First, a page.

The D.A. really wanted Sprague, and he agreed to the terms. Rodman told how he was in the middle, the subordinate to two powerful men, and he had only done what he had been told to do. Yes, he had also been greatly rewarded with stolen loot, but still, he couldn’t have done it without Mills and Sprague’s approval and participation.

They had been the masterminds, and they had stolen much more than he had, they were the truly guilty, and since Mills was no longer here, Cortland A. Sprague should take the blame.

You’re not going to like what happened next. The jury of Sprague’s peers, all men of similar backgrounds, found him innocent, and cast their votes for a not guilty verdict. They believed that Rodman was the real mastermind, and perhaps Mills a close second.

Sprague had merely been weak. But Rodman could not be prosecuted, so no one would pay for embezzling hundreds of thousands of dollars from the Brooklyn Trust and the City of Brooklyn. The money had been recovered, or had been made up by bonds, or was just gone.

On Jun 11, 1874, a Special Court of Oyer convened to decide if Cortland Sprague could be tried for the remaining charges against him after being found not guilty of embezzlement.

After the arguments on both sides were heard, Judge Daniels ruled that going ahead on the remaining charges amounted to double jeopardy, and was not allowed. There would be no more trials for Cortland Sprague.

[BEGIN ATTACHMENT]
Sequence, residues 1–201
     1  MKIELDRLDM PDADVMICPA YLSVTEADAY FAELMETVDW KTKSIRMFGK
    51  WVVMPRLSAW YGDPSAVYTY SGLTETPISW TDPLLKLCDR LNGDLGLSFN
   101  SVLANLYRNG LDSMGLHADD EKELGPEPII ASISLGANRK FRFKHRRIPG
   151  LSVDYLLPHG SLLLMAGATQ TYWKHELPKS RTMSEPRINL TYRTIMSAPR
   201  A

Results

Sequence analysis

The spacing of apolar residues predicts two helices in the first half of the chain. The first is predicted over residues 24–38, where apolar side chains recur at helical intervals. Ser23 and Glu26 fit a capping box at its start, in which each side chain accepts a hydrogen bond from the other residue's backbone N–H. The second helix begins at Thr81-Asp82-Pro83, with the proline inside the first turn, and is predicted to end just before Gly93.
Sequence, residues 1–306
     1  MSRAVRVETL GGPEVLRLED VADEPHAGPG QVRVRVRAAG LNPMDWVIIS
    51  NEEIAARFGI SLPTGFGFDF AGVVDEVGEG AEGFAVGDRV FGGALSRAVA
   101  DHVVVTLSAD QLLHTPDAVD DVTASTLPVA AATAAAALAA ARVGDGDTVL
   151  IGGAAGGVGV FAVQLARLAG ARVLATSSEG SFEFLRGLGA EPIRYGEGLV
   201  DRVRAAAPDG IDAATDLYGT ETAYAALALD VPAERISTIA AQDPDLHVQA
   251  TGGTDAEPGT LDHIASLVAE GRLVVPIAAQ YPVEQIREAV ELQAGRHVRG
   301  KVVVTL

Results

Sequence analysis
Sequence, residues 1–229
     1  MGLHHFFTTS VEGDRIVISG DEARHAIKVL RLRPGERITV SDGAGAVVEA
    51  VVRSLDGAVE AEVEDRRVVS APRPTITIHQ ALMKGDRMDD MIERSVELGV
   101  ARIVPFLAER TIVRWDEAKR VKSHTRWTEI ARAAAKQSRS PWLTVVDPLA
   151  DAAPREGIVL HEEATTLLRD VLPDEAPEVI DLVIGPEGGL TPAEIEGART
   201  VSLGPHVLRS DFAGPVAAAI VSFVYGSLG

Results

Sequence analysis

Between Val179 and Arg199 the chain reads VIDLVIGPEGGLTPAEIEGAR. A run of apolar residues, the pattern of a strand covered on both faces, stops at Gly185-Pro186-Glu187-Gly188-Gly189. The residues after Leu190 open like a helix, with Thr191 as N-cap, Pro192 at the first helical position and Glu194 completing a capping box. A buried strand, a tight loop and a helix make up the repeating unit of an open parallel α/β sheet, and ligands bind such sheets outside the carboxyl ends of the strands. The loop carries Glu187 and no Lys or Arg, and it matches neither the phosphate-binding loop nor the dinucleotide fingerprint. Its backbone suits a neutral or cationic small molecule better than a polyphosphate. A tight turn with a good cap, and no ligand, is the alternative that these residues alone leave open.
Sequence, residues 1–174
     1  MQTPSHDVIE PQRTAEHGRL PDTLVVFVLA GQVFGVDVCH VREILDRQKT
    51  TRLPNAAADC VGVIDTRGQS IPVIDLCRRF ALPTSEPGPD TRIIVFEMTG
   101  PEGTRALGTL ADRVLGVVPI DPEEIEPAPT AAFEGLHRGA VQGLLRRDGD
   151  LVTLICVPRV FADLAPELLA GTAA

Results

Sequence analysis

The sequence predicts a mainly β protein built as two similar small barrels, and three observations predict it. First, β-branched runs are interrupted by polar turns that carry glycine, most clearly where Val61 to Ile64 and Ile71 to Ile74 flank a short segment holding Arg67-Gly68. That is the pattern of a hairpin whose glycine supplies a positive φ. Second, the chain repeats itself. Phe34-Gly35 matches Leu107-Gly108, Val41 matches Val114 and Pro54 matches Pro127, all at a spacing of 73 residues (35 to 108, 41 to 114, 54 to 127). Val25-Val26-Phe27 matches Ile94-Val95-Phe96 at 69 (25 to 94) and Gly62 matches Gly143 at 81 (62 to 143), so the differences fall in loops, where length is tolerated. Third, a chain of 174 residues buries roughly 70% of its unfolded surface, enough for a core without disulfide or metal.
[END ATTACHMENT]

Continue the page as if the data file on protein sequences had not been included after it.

The papers said “Sprague was then formally acquitted and warmly congratulated by his friends.” Since the city could not try M.T. Rodman, due to his immunity, it was all over.

As the NY Tribune said, “the result would be that while the city had been robbed of thousands of dollars, no one would be punished for the theft, and the city would have to suffer the entire loss.”

To add insult to injury, Courtland Sprague’s second acquittal by the Special Court of Oyer virtually assured that his lawsuit filed against the City of Brooklyn would be successful. Sprague had sued to get all of his money back that he had so unselfishly paid to the city to cover Rodman’s defalcation. He probably got it; court costs, too.

The Brooklyn Trust had to close for several weeks in 1873, due to this massive scandal. They reorganized, cleaned up their operations and set very strict standards for officers and employees. There were no more dual job holders like Mr. Rodman.

They regained customer confidence, and in 1913, they had a gorgeous new bank built on Montague Street, designed by York and Sawyer. They continued to grow, grew through several mergers, and in 1950, merged with Manufacturers Hanover Bank.

MHB was bought out by what is now J.P. Morgan Chase Bank, which still occupies the landmarked building at the corner of Montague and Clinton Streets in Brooklyn Heights.

Census records show that Cortland A. Sprague left Brooklyn soon after, probably not the most popular man in Brooklyn Heights, or anywhere else in Brooklyn. He and his family moved to Nyack, NY, where he went back into the hardware business.

He died in 1886, and he’s buried there. M.T. Rodman disappeared from the New York papers and was never heard of again. I have no doubt he managed to squirrel away a nest egg of ill-gotten gains, and he and his wife and family headed for new lives in parts unknown. He was a very smart man. Who says crime doesn’t pay?

(Postcard of the Brooklyn County Courthouse)

What's Happening